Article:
"It is a powerful and moving piece composed in five movements, and it won the Stalin Prize in 1941," Dalmas said.
    The artists will conduct master classes with SFA string and piano students beginning at 12:30 p.m. Saturday, Nov. 3.
    Adkins served as associate concertmaster of the National Symphony in Washington, D.C., before joining the music faculty at TCU. She continues her orchestral career as the concertmaster of the Corpus Christi Symphony Orchestra. She has appeared as concerto soloist for the Baltimore Symphony, the Dallas Symphony, the Maryland Symphony and the Seattle Symphony, as well as numerous appearances with the National Symphony. Since arriving in Fort Worth, she has performed concertos with the Fort Worth Youth Orchestra and the TCU Symphony. She and her husband have presented concerts at the Kennedy Center and the National Gallery.

    Newman is a prizewinner in many major competitions, including the Robert Casadesus (Grand Prize, 1979), Gina Bachauer and University of Maryland International Competitions. He was a semifinalist in the 1981 Van Cliburn Competition. He has been featured soloist with the Cleveland Orchestra, the National Symphony Orchestra, the Baltimore Symphony, the Utah Symphony, and the Boston Pops, and with a number of European orchestras. As pianist of the American Chamber Players for 10 years, he appeared in concert throughout the United States. He has served on the faculties of The Catholic University of America, George Mason University, the Levine School of Music and the Washington Conservatory.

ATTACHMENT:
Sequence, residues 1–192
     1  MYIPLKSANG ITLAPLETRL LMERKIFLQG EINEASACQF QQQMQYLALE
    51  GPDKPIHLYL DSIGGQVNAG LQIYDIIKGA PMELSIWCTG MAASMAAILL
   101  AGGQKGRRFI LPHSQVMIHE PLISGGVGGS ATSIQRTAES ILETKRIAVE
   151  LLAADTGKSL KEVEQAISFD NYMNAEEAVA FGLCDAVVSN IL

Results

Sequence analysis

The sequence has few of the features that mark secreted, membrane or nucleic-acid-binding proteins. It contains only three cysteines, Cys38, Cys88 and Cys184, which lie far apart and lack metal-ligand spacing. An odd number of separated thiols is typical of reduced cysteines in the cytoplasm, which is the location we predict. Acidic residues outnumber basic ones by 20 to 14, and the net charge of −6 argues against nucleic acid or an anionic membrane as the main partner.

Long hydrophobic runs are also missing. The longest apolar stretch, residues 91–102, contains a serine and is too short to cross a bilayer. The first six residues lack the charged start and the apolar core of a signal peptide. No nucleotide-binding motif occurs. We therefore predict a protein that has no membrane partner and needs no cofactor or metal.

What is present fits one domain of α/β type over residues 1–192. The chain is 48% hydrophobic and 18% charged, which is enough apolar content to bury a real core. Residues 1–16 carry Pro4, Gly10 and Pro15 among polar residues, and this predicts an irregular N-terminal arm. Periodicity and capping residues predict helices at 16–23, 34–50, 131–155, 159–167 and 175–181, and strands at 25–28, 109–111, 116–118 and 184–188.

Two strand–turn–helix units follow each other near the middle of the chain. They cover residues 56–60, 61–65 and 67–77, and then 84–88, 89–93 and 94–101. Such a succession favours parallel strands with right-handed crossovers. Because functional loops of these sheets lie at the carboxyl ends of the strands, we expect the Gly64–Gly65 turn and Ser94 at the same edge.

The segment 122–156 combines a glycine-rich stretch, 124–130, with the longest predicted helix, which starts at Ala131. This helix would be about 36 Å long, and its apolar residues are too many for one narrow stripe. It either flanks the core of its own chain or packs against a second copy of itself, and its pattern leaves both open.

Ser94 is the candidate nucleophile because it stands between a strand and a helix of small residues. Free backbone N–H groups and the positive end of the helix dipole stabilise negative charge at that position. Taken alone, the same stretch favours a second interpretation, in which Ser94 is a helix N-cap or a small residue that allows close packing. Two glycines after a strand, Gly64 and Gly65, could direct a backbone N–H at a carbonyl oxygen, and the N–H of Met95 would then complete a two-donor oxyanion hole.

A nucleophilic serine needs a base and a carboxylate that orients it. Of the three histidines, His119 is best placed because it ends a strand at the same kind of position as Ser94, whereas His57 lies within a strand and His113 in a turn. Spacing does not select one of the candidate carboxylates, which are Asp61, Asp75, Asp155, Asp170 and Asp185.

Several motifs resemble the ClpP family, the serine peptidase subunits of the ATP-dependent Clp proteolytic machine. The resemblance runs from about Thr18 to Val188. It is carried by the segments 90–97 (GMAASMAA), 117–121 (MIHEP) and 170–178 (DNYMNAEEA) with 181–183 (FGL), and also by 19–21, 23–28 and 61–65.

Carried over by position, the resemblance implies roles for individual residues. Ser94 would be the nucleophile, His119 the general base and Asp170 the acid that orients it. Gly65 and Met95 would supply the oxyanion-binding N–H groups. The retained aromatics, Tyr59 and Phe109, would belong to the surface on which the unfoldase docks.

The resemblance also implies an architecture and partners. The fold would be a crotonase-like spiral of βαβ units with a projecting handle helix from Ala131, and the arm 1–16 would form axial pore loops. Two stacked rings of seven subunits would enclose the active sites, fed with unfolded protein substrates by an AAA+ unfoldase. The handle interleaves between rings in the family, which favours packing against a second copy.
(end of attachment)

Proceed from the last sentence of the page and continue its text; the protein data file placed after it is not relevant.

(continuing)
Galaganov's solo and chamber music engagements have taken him to concert halls in the USA, Latin America, Europe and China. He has given lectures and master classes in major conservatories around the world, including Juilliard, Beijing Conservatory and Shanghai Conservatory. He has taught and performed in several European and American Festivals, such as EuroArts festival in Germany, Orlando Festival in Holland, Conservatory Music in the Mountains, Summit Music Festival, Wintergreen Music Festival and Mimir festival, among others.